• ISSN: 2010-3646
    • Abbreviated Title: Int. J. Social. Scienc. Humanit.
    • Frequency: Bimonthly (2011-2014); Monthly (2015-2018); Quarterly (Since 2019)
    • DOI: 10.18178/IJSSH
    • Editor-in-Chief: Prof. Aurica Briscaru
    • Executive Editor: Mr. Ron C. Wu
    • Abstracting/ Indexing: Google Scholar, Index Copernicus, Crossref, Electronic Journals Library
    • E-mail: ijssh@ejournal.net
IJSSH 2017 Vol.7(3): 188-191 ISSN: 2010-3646
doi: 10.18178/ijssh.2017.V7.817

Structural Changes in the Population Composition of Sri Lanka during the Period 1871-2012

H. R. Anulawathie Menike
Abstract—The main objective of this study is to ascertain the structural changes that have taken place in the composition of the population during the last one and a half centuries in Sri Lanka. Secondary data were adopted for the study, and tables, graphs and descriptive statistical techniques were adopted for the data analysis. According to the analysis, it could be concluded that profound structural changes have taken place in the population composition. A special feature that was revealed by the study was that the age structure of the Sri Lankan population is undergoing irreversible changes and as a result, the elderly population in the country is increasing rapidly. These changes that are taking place in the age structure will cause many repercussions in the forthcoming decades. The age structure of the population that was pyramid shaped in 1981 will slowly morph into a barrel shape. This will definitely create a number of political, social and economic problems. However, Sri Lanka gifted itself a demographic dividend around 1991, the benefits of which she will continue to reap up to about 2030. During this period, the proportion of the labour force will show a greater increase than the proportion of children. Therefore, if the demographic bonus is optimally utilized for the purpose of accelerating the economic advancement of the country, it could better compensate for the problems created by the growth of an ageing population.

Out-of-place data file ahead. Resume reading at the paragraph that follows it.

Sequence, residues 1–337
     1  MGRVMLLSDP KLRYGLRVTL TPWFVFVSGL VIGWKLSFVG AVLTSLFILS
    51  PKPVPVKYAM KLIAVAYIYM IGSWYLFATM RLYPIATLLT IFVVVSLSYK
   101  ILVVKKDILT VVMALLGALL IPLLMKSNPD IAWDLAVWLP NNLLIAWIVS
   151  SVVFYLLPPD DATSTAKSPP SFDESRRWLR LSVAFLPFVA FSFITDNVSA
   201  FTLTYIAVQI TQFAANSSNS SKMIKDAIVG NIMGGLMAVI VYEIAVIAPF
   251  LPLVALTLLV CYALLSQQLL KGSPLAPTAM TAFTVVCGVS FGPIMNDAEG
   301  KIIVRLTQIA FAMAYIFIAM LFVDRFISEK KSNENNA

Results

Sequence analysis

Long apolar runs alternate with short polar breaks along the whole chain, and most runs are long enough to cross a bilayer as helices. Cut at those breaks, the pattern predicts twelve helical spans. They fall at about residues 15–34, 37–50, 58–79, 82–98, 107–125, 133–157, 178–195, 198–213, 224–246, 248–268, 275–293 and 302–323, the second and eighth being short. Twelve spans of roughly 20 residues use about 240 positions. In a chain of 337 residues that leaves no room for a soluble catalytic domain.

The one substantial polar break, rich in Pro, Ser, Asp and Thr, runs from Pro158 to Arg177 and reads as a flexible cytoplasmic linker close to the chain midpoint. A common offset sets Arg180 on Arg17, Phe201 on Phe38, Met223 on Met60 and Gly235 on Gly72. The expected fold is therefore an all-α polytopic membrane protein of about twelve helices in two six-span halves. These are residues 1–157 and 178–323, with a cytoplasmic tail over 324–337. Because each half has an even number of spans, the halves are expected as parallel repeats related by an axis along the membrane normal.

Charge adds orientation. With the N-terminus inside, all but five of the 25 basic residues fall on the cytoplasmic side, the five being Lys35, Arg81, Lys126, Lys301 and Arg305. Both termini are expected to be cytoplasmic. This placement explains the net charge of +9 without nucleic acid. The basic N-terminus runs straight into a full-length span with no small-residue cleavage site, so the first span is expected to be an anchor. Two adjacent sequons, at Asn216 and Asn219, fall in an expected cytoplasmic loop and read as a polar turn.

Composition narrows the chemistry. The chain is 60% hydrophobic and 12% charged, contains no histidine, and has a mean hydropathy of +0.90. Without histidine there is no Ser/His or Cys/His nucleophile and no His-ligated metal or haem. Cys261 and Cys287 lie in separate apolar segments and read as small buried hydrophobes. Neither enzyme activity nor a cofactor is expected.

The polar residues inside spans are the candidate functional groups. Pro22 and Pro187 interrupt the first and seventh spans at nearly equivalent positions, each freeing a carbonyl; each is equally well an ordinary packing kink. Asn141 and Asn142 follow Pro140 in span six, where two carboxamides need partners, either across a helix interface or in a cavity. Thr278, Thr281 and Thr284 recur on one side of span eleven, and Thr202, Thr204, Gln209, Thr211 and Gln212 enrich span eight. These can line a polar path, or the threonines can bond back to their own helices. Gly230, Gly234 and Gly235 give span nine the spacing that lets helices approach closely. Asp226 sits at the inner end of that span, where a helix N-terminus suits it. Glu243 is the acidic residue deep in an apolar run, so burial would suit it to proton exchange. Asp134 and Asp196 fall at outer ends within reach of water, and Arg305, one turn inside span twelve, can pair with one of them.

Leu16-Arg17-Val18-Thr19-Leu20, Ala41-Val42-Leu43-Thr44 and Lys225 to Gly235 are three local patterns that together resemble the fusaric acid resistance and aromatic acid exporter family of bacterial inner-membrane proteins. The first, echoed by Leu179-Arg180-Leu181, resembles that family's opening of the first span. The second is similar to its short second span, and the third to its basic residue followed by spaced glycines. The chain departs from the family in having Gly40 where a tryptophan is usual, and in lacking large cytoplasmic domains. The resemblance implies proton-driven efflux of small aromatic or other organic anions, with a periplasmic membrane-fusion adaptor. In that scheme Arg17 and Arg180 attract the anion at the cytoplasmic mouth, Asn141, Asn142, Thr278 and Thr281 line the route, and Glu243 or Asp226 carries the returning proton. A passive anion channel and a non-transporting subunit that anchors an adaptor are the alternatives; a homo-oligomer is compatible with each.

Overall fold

Index Terms—Population, population composition, ageing, structural changes.

H. R. Anulawathie Menike is with the University of Kelaniya, Sri Lanka (e-mail: anula@kln.ac.lk).


Cite: H. R. Anulawathie Menike, "Structural Changes in the Population Composition of Sri Lanka during the Period 1871-2012," International Journal of Social Science and Humanity vol. 7, no. 3, pp. 188-191, 2017.

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